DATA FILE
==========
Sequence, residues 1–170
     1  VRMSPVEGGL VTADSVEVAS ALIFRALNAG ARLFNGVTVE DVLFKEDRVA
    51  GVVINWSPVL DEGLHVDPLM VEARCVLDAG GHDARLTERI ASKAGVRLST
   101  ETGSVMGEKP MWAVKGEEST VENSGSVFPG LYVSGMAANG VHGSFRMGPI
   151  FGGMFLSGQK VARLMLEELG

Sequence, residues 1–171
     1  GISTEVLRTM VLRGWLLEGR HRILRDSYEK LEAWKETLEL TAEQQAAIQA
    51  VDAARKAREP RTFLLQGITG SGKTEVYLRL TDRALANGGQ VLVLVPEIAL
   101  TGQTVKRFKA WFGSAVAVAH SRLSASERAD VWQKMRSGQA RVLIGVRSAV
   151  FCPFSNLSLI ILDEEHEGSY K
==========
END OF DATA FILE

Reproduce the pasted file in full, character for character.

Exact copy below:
Sequence, residues 1–170
     1  VRMSPVEGGL VTADSVEVAS ALIFRALNAG ARLFNGVTVE DVLFKEDRVA
    51  GVVINWSPVL DEGLHVDPLM VEARCVLDAG GHDARLTERI ASKAGVRLST
   101  ETGSVMGEKP MWAVKGEEST VENSGSVFPG LYVSGMAANG VHGSFRMGPI
   151  FGGMFLSGQK VARLMLEELG

Sequence, residues 1–171
     1  GISTEVLRTM VLRGWLLEGR HRILRDSYEK LEAWKETLEL TAEQQAAIQA
    51  VDAARKAREP RTFLLQGITG SGKTEVYLRL TDRALANGGQ VLVLVPEIAL
   101  TGQTVKRFKA WFGSAVAVAH SRLSASERAD VWQKMRSGQA RVLIGVRSAV
   151  FCPFSNLSLI ILDEEHEGSY K